Gratitude is such a wonderful word.
There is a lot of “stuff” that happens during a given day. Our consciousness is designed to focus on the highlights of the day, the important stuff that demands our attention. When we start meditating regularly we become very aware of the vast amount of thoughts, feelings, memories and emotions that bubble up from our unconscious all day long. One of the freedoms of a meditation practice is deciding which of those thoughts we will let go and which we’ll cultivate.
Thich Nhat Hanh, the famous Vietnamese Zen Buddhist, talks about this idea of cultivation as watering seeds. “The quality of your life depends on the seeds you water. If you plant tomato seeds in your gardens, tomatoes will grow. Just so, if you water a seed of peace in your mind, peace will grow. When the seeds of happiness in you are watered, you will become happy. When the seed of anger in you is watered, you will become angry.”
One of the best tools that I have for cultivating happy and positive thoughts, and thus a happy and positive life, is a gratitude list. The simple act of writing down some of the things I’m grateful for has a powerful effect on changing my outlook.
Why is this important? If we read the teachings of the Buddha very closely, he does not profess that his enlightenment entailed the discovery of previously hidden truths, rather, his enlightenment was a shift of perspective that helped him see the world in a new way.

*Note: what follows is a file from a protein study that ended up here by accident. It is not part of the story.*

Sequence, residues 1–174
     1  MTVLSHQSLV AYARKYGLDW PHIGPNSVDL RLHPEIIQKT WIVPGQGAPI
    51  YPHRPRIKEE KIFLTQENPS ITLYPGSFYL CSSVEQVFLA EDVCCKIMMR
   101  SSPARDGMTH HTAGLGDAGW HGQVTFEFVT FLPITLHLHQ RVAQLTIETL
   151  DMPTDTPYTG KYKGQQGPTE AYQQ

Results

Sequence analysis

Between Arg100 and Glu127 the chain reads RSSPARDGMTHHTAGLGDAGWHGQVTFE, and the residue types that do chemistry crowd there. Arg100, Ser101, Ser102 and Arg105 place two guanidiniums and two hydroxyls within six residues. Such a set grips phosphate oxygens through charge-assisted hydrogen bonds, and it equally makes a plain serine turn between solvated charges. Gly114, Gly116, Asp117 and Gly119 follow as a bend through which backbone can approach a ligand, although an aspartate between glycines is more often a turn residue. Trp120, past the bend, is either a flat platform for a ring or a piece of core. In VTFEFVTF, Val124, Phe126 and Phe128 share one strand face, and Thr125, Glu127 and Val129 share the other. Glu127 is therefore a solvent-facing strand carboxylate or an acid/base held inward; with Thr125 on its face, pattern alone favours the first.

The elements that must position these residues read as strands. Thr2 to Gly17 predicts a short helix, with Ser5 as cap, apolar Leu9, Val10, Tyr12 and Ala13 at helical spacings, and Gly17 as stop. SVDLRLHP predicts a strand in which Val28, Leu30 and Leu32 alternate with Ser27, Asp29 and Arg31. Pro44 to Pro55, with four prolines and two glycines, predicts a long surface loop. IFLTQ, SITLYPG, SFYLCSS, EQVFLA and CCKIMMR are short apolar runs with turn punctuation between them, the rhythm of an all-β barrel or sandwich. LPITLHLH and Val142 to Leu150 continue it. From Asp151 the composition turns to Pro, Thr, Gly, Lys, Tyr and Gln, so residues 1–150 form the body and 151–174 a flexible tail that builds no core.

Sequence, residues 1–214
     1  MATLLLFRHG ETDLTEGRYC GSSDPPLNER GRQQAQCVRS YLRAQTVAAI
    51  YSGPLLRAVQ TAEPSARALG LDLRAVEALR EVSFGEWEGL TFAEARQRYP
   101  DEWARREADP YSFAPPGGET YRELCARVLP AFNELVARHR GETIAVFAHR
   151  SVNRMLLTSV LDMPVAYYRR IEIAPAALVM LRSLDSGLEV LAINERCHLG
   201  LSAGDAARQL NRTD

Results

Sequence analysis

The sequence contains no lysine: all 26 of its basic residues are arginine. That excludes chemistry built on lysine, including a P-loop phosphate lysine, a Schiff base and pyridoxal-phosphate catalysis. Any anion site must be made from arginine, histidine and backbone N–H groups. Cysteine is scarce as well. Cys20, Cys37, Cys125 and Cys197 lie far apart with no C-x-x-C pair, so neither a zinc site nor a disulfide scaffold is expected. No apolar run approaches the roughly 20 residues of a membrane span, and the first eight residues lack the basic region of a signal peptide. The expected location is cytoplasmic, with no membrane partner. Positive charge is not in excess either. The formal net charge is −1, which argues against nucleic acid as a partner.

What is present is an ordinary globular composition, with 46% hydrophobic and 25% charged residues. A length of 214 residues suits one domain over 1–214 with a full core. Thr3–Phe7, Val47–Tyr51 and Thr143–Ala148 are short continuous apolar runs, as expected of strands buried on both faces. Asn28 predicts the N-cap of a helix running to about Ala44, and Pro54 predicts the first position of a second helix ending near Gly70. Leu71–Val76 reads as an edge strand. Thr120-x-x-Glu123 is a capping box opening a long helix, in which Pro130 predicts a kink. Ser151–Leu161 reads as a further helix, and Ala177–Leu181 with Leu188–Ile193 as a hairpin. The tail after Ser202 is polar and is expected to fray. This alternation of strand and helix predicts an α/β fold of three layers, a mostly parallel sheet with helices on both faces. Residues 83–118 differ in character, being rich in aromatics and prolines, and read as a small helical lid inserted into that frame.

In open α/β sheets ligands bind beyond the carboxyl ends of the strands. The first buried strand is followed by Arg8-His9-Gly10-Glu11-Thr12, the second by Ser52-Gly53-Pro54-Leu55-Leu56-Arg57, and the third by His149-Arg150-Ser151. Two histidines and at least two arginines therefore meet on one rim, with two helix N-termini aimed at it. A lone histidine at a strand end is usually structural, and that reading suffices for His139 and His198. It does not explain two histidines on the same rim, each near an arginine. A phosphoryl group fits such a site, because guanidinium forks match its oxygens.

A gratitude list helps me shift my perspective on the world. The reality doesn’t change, the way I feel about it changes!
Example: I have chronic back issues and I spent a lot of time in the car this weekend, aggravating my back pain. “I am grateful for ice packs and stretching exercises. It is a relief to have a solution for my back pain that doesn’t require constant medication.” Same back pain, new outlook.
This might sound like wishful thinking, but there is a powerful reframing that happens when we actively look for the positives in a seemingly negative situation. This is an exercise best experienced, rather than thought about.
Try it! I’d love to hear what you are grateful for today.
I’ll get us started:
1. I am grateful that my father is alive. So many of my friends were reminded of the loss they feel for their departed fathers this weekend.
2. I am grateful for my new job which affords me the freedom to travel and see my family and friends.
3. I am grateful for kindness my coworker showed me this morning while I walked into work with my arms full. It feels good to be recognized and helped when it would have been easy for her to be walking into work on a Monday morning with blinders on.
May your practice be strong!
Anthony A. Cernera
"I am thankful for small mercies. I compared notes with one of my friends who expects everything of the universe, and is disappointed when anything is less than the best, and I found that I begin at the other extreme, expecting nothing, and am always full of thanks for moderate goods. If we will take the good we find, asking no questions, we shall have heaping measures." ~ Ralph Waldo Emerson